Friday, June 1, 2012

Computer Generations (1978)

What? You reckon the recent NZ electroacoustic that I've been posting is neither dry nor academic enough? Wrap your ear canals around these tracks and feel that tympanic membrane dessicate!

Actually, once you get past the first two very short compositional exercises by Godfrey Winham, this record will bless you with four luscious animatronic beauties.

Winham was a Princeton music theorist and composer, and one of the great-grandfathers of computer music, developing FORTRAN-based composition software all the way back in 1960. Vercoe and Gressel studied with him. And contrary to my insinuation above, Winham's works are not in any way 'bad' -- just very cold, and difficult.

Barry Vercoe, the only dyed-in-the-wool Kiwi on this record, became interested in the possibilities of computer music after studying composition and mathematics in Auckland, and went on to design faster, smarter and easier ways to compose on the computer. Vercoe's piece is also the only truly electroacoustic work on the album. 'Synapse for Viola and Computer' sits komfortably in the Kiwi Kanon, with Rimmer the closest komparison. The composition is just as it describes: a violist plays to a score written for his acoustic instrument, while the computer performs according to its own electronic score. It works wonderfully. The two 'performers' weave and dodge and embrace and run away from each other, and it feels fresh and alive. Extraordinarily, Vercoe was the founder in 1971 of the Electronic Music Studio at the Massachusetts Institute of Technology. I say 'extraordinary' because this is not a minor achievement in the world of electronic music, so why had I never heard of him? Like Smalley (who will be getting another post or two soon) he's operated for most of his career outside of New Zealand, but generally Kiwis love to claim every possible cultural hero, no matter how far-flung (e.g. Bill Culbert, who will be representing NZ at the 2013 Venice Biennale, though he's mostly lived in Europe since 1957; Len Lye, who left NZ for good at the age of 25; or Frances Hodgkins who also produced her best work after leaving permanently). He deserves to be better known at home. You can also have a listen to this record -- a serious classic of early computer music -- but there doesn't seem to be much else available by Vercoe. I'll keep looking.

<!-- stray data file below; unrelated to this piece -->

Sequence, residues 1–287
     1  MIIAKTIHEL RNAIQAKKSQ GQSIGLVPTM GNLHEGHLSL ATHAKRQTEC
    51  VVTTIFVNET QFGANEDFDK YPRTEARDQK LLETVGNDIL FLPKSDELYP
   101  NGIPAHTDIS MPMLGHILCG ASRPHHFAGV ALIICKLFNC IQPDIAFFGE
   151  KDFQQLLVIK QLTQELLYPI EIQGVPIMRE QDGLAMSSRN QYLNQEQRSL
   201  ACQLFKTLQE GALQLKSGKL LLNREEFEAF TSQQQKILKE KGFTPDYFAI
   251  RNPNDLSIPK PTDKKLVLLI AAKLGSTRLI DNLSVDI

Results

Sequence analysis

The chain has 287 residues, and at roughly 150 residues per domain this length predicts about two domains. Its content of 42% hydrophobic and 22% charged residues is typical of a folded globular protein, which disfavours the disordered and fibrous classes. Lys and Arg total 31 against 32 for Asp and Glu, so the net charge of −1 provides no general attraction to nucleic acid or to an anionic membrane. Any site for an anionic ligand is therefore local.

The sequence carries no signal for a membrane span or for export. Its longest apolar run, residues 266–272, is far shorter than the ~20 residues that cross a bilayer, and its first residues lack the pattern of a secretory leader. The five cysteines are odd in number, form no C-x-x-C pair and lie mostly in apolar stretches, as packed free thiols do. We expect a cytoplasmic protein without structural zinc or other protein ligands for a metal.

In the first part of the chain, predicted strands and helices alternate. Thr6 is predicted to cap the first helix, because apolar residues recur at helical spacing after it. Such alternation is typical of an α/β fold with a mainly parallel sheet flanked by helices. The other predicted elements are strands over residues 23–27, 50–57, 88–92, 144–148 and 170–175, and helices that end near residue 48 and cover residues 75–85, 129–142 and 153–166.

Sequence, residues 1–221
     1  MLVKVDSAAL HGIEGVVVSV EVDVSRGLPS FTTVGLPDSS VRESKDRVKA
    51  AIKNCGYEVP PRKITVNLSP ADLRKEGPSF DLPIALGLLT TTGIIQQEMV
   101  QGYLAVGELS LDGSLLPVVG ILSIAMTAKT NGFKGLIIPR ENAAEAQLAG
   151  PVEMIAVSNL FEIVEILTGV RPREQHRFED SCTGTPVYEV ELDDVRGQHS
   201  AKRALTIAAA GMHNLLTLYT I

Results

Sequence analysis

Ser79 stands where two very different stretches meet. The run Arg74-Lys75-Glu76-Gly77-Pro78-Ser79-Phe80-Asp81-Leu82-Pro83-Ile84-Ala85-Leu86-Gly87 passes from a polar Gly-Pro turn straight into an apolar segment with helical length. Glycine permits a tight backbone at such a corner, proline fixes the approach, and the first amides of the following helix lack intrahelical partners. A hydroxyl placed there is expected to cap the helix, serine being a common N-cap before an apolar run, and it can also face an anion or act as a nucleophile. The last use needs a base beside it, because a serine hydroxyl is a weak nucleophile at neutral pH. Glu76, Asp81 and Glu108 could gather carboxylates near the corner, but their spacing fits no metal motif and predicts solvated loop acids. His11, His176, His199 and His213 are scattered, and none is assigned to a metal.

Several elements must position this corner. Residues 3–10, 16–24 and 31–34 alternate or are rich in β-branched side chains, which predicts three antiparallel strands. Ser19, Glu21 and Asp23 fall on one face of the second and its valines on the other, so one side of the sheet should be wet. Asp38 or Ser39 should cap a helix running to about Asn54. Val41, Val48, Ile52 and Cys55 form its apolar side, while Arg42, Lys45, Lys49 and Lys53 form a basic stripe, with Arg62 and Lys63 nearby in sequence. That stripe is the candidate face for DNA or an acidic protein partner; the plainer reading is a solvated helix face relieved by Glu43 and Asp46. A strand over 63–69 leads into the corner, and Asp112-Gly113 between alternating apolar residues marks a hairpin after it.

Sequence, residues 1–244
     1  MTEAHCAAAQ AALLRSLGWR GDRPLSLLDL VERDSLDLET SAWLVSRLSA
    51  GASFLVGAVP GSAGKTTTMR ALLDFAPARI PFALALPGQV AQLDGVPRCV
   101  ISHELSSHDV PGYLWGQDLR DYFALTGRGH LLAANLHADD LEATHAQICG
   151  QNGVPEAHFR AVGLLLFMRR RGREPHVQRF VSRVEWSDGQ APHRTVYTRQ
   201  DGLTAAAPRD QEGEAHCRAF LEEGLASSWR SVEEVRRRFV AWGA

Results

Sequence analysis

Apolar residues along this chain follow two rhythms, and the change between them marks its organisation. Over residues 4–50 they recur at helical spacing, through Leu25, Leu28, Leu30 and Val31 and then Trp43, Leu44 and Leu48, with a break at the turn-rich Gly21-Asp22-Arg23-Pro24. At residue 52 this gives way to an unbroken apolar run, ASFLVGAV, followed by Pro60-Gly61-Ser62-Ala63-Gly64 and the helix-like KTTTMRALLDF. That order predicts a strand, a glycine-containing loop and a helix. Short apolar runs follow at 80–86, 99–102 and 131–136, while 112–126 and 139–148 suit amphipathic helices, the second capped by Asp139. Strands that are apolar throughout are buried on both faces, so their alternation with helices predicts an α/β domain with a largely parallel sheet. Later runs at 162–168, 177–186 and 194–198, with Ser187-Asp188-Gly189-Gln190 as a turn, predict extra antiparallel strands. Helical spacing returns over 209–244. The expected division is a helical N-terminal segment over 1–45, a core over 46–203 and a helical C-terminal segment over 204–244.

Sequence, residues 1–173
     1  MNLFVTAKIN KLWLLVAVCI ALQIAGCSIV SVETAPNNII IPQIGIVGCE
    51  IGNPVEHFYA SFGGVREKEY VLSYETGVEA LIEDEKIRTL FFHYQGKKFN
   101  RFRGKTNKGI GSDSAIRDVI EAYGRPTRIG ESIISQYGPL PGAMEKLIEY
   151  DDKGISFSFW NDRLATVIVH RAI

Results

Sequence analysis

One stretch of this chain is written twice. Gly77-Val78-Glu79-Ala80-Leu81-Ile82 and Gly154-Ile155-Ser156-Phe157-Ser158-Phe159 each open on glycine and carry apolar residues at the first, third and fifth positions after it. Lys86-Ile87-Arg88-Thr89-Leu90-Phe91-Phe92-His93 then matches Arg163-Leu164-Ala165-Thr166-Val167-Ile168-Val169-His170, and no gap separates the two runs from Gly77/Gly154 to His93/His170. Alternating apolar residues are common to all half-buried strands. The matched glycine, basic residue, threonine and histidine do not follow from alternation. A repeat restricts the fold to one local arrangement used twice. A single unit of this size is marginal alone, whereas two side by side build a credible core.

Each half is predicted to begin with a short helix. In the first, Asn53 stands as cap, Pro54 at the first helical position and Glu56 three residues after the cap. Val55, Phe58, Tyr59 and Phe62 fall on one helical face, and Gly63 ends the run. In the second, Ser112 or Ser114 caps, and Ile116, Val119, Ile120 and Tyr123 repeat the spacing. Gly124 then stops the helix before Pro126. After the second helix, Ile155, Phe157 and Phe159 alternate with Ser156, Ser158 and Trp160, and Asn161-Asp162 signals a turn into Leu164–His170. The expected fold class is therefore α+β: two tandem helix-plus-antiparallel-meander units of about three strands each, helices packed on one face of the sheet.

Richard Hoffman gets an honourable mention as a part-time Kiwi. His family emigrated from Austria to New Zealand when he was ten years old, and he lived and studied here until moving to the United States at the age of 22 to work with Arnold Schoenberg. So, he spent some very important years here, and as I said above, I'm happy to claim him. 'In Memoriam Patris' is both grave and exciting. It sounds like classic electronic music -- as do the following works by Gressel -- which was a surprise to me, as prior to listening to this record, I'd been seriously prejudiced against academic computer music, for no good reason whatsoever.
 
Joel Gressel's first work 'Crossings' made me think of this synthesizer module, until I read the liner notes and saw that it is based on a 'spinning coin' phenomenon, rather than marbles or snooker balls. It could also remind the listener of Phil Dadson's sound works with clashing stones. 'P-Vibes' is possibly the most jarring of the works on the record, which brings us full-circle to the works of Winham.

My previous impression of early computer music was more along the lines of Godfrey Winham or Lejaren Hiller's experiments: interesting conceptually/not so interesting aurally. You will have gathered from other posts that I love the sounds of early electronic music (more so than digital-era electronic music) and that's what I love about these works. The Winham works are challenging and important historically and the rest of the album is exceptionally satisfying listening.


A Chaos of Delight [link removed: this recording has been re-issued on-demand from New World Records]

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